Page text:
The Washington Post

Default rate for repayment of for-profit college loans hits 25 percent

About one-quarter of students who took out federal loans to attend for-profit colleges defaulted within three years of starting repayment, according to a new federal analysis.

The 25 percent default rate in the for-profit sector, part of an Education Department report to be published Friday, was up from a 21 percent rate estimated in December 2009.

Loan defaults are on the rise throughout higher education because of economic troubles. The three-year default rate for public colleges is now about 11 percent, up from about 10 percent in the previous report. The rate for private nonprofit colleges is about 8 percent, up from about 7 percent.

Federal officials cautioned that the new data, which measured defaults over three years among a group of borrowers who entered repayment in fiscal 2008, are preliminary and are not being used for enforcement. Still, the figures underscore growing challenges facing the for-profit sector.

The Obama administration is considering new regulations related to student debt and loan repayment - an effort that federal officials say would help ensure students in for-profit colleges find "gainful employment." Many leaders in the for-profit sector - including executives from the Washington Post Co., which operates the Kaplan line of for-profit schools - oppose the proposal.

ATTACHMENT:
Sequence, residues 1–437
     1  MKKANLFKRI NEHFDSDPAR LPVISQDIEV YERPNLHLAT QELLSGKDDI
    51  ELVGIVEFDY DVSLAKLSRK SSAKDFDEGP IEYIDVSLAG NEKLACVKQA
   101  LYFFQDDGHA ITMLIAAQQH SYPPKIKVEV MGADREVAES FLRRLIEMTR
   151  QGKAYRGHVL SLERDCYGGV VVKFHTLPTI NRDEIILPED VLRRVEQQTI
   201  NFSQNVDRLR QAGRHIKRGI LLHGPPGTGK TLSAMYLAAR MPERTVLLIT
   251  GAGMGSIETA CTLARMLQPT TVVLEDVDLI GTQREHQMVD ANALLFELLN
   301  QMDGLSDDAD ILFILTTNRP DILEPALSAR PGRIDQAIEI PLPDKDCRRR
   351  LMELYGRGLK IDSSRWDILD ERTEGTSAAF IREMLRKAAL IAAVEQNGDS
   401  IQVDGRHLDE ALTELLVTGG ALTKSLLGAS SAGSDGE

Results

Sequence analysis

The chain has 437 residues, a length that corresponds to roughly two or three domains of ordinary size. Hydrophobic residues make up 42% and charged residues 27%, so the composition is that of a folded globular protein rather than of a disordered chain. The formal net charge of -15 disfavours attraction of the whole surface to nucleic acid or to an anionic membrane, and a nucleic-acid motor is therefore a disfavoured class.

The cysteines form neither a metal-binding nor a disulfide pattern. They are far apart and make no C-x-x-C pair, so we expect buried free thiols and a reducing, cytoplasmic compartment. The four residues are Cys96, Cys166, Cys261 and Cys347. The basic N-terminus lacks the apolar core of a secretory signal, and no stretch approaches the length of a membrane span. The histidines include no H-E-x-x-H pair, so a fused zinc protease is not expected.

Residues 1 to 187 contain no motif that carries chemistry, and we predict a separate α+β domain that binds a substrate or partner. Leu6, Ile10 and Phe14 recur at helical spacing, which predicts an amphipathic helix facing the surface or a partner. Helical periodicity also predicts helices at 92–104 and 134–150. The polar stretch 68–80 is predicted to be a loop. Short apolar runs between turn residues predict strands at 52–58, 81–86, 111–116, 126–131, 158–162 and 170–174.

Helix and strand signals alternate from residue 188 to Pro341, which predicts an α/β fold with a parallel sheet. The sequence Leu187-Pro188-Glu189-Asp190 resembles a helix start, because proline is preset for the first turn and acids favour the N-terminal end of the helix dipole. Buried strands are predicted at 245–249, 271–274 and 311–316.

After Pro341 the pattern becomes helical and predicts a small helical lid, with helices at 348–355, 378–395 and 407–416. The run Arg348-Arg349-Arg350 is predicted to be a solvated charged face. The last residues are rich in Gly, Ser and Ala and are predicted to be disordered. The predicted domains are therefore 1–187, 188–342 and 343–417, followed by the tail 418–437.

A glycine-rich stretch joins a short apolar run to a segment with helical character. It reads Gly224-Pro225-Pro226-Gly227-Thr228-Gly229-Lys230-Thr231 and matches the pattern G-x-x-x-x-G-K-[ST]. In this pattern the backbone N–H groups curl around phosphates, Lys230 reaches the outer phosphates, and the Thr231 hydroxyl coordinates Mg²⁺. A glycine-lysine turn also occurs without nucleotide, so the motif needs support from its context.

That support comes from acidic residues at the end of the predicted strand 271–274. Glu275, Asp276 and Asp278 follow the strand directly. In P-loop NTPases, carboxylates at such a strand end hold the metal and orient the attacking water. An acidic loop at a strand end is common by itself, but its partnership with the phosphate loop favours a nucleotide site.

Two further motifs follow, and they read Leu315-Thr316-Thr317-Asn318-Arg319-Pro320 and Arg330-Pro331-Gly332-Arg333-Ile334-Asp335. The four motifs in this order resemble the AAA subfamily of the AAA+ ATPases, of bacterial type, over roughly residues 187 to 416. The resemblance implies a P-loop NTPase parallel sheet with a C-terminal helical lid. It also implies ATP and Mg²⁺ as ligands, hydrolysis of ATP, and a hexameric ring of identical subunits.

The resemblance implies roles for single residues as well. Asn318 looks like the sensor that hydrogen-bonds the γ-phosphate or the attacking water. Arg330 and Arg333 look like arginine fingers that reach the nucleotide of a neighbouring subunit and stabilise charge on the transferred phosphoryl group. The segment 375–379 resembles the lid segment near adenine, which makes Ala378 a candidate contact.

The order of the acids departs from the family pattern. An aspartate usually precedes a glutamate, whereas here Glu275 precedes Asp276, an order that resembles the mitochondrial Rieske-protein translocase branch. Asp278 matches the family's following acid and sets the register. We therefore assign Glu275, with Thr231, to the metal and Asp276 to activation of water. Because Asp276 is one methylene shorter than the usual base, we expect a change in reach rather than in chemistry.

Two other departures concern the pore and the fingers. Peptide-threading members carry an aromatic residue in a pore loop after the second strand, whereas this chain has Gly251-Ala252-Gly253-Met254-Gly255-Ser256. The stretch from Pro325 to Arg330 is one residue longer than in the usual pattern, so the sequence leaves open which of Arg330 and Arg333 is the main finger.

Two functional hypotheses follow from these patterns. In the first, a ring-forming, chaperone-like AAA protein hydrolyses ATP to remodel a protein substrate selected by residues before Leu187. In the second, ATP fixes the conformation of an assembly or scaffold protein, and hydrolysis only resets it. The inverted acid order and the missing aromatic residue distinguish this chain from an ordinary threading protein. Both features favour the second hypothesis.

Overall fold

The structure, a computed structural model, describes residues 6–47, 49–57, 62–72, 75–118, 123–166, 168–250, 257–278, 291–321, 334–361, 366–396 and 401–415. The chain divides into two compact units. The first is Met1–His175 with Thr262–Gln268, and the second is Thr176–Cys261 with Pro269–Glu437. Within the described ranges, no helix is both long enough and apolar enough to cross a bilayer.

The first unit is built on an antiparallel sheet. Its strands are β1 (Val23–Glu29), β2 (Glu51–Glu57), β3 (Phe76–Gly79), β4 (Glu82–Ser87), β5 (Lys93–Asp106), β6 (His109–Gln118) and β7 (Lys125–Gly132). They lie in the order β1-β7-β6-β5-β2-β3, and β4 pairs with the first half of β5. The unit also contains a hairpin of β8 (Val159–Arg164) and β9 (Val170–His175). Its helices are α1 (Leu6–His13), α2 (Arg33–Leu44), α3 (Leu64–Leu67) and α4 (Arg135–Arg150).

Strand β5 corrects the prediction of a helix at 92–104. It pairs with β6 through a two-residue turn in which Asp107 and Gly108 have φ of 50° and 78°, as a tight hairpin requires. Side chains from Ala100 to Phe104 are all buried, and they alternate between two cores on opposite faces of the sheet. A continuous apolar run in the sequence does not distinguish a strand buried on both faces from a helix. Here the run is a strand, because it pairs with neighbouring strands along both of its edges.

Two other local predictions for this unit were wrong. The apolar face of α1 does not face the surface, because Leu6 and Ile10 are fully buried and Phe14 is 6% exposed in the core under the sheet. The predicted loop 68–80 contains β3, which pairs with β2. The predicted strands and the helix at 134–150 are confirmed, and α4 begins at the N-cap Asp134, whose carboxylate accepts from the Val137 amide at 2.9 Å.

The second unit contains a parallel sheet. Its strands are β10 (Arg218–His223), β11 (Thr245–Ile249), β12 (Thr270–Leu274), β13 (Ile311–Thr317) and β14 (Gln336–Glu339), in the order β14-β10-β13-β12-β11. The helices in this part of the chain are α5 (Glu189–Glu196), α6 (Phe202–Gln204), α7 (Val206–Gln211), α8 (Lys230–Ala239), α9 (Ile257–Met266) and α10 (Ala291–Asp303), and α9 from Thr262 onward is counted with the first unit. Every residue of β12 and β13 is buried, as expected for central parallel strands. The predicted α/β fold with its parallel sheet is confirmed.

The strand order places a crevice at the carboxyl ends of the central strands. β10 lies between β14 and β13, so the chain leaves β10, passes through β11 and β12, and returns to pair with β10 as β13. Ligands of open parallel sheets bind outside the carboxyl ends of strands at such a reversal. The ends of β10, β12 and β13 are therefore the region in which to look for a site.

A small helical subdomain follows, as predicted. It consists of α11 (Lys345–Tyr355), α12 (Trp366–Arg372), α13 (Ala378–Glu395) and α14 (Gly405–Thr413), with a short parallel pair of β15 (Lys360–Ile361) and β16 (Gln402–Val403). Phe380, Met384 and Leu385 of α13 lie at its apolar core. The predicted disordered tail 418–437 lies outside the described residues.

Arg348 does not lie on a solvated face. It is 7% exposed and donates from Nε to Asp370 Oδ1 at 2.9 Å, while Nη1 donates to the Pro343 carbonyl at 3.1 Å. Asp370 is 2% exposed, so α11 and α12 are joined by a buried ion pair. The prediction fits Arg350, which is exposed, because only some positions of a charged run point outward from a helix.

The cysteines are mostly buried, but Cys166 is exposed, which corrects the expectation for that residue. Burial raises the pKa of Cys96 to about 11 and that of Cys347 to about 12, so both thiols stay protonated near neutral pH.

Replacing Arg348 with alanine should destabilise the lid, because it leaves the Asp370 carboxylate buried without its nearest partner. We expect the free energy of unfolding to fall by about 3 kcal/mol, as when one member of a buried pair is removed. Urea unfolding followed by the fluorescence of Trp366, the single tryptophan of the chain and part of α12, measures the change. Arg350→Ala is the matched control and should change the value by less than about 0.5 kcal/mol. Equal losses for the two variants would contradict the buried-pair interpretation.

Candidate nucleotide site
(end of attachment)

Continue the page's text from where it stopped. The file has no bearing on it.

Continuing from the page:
But loan-default measurements will be relevant even if the industry successfully blocks that proposal. Under federal law, schools must keep loan-default rates below a certain level or they lose eligibility to participate in federal financial aid programs. A 2008 law ordered a switch, over several years, to a three-year default metric. For enforcement purposes, the government currently measures defaults over two years, which tends to yield a lower rate.

Harris N. Miller, president of the Association of Private Sector Colleges and Universities, said for-profit schools are "obviously concerned" about default rates and are taking steps to lower them.

Sen. Tom Harkin (D-Iowa), who favors tighter regulation of for-profit schools, said the new default data show that "serious questions have to be raised about the taxpayer investment in these companies."

Nick Anderson covers higher education for The Washington Post. He has been a writer and editor at The Post since 2005.


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